In terms of archaeology surveys prior to development, an example in this province would be the huge multi-year archaeological survey undertaken in the area around Voisey’s Bay just before the mine and processing plant were slated to be built. In just the mine area, more than 50 sites were located. They included everything from Maritime Archaic and Intermediate Indian to more recent Innu, Inuit and European sites.
Regardless of the form of survey, prior to any ground disturbance the archaeologist must apply to the appropriate permitting authority (Provincial Archaeology Office, Nunatsiavut archaeology Office or Parks Canada, depending upon where the survey is to occur) for an archaeology permit before survey work can occur. In the case of the Provincial Archaeology Office that authority comes from the Historic Resources Act. Each permit application is reviewed and if an application is found to be lacking information (which rarely happens), the correct permitting authority will notify the archaeologist of what needs to be corrected. All archaeological resources that are found during survey work are recorded and that information is passed on to the appropriate permitting authority. If the permitting authority is assured that historic resources will not be impacted, the project can proceed. Of course, this is a very simplistic explanation, but it is the bare bones of the process.
On the ground, regardless of the survey form, a team of archaeologists or people trained by archaeologists usually undertakes archaeology surveys. Depending on the area to be surveyed, the team may spread out in a line with a few metres between each member and they will dig a test pit with a shovel and trowel. Usually the test pits are 30-50 centimetres square and the team member will be looking for artifacts or maybe soil changes that may indicate a buried occupation horizon. If nothing is found the team member will pick up his/her gear, move ahead a few metres depending on the archaeologist’s discretion, and dig another test pit. However, if the team member finds an artifact or a soil deposit that may relate to a site the archaeologist is notified and the team may dig extra test pits around the find spot in an effort to delineate the potential size of the site. The site may be comprised of just that single find in the test pit or the team could find themselves on the edge of a site that is thousands of metres square in size. All of this methodology is typical and is usually defined in the archaeologists permit application. Survey work can be slow, tedious and backbreaking if you find nothing; I somehow doubt Indiana would have enjoyed survey work.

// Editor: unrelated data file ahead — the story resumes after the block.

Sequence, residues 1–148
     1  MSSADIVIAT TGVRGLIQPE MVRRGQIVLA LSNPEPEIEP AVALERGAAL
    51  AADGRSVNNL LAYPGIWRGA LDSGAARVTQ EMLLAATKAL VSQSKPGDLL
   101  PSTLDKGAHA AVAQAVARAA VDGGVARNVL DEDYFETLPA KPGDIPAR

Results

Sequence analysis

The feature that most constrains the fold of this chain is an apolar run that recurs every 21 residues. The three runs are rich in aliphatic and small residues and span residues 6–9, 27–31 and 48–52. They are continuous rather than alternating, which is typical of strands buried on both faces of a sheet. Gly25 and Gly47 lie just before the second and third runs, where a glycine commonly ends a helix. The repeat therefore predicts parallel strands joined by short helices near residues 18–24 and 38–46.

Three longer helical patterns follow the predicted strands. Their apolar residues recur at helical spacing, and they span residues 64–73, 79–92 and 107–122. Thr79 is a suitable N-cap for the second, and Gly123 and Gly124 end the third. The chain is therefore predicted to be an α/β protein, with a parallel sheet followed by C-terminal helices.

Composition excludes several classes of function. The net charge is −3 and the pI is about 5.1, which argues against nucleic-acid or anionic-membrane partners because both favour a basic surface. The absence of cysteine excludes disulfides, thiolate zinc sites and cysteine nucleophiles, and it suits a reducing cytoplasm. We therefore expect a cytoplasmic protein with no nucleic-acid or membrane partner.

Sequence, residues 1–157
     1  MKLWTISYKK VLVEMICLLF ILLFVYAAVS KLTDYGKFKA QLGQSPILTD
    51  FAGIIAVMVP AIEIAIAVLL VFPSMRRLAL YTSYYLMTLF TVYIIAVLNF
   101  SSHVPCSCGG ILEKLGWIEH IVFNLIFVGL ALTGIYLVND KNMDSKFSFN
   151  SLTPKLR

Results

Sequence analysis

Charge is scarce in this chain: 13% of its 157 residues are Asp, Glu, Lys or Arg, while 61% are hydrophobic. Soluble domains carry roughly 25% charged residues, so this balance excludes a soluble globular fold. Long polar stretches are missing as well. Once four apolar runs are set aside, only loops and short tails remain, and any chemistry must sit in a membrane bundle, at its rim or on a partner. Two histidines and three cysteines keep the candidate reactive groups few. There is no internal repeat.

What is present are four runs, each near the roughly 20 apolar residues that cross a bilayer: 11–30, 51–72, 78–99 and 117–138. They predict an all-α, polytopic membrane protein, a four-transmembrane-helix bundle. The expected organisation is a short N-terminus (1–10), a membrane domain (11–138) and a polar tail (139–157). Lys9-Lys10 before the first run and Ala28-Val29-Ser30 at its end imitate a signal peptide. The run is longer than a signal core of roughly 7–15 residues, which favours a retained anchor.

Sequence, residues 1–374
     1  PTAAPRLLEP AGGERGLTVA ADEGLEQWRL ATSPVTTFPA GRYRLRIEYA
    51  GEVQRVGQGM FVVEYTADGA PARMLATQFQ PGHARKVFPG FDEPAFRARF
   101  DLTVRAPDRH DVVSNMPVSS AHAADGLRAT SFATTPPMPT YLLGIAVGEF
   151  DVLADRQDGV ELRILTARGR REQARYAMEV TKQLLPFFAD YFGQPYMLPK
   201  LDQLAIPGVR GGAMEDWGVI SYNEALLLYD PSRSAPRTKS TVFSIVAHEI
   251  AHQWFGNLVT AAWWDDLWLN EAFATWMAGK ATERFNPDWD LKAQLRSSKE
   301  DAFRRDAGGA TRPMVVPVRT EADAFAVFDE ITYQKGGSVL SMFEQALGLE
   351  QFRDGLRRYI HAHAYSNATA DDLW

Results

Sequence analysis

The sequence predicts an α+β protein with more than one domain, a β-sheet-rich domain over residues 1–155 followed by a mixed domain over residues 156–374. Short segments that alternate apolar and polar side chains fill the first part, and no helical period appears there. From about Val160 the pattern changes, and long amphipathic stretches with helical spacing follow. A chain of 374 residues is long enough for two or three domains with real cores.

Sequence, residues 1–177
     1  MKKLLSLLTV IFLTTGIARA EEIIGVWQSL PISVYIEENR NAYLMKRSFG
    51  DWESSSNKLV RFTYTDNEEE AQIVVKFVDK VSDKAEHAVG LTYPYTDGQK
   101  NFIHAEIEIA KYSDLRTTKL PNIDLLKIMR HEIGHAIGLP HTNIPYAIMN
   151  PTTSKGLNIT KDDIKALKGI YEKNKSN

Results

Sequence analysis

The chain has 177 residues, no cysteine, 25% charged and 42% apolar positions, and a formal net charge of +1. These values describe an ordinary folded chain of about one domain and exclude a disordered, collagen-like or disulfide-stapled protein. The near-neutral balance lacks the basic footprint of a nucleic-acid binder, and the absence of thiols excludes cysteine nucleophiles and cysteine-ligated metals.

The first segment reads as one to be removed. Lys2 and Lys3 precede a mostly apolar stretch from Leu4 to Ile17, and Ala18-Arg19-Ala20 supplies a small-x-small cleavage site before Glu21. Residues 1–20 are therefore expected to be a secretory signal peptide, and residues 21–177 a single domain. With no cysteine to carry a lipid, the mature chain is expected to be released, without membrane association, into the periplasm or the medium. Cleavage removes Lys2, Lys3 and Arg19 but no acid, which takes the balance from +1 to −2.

This method also resulted in the discovery of North Cove, the Recent Indian and Dorset Palaeoeskimo site that I excavated as part of my Masters Thesis near Bird Cove. Unlike Indiana Jones, I didn’t have to shoot anyone or get into a fist fight with any Nazis to find the site and everything I found was properly recorded and documented.
As much fun as the movies were, as an archaeologist I have to ask, did Indiana Jones do anything to help archaeology? Yes, a little. The movies and character certainly popularized the discipline and made people realize the importance of properly displaying artifacts in a museum for everyone to see. Yet, he did so much else that makes archaeologists everywhere cringe. I can’t really see Indiana applying for a permit to do survey work, nor can I see him recording everything that he found. Indiana would not go through this process, he’d just shoot someone.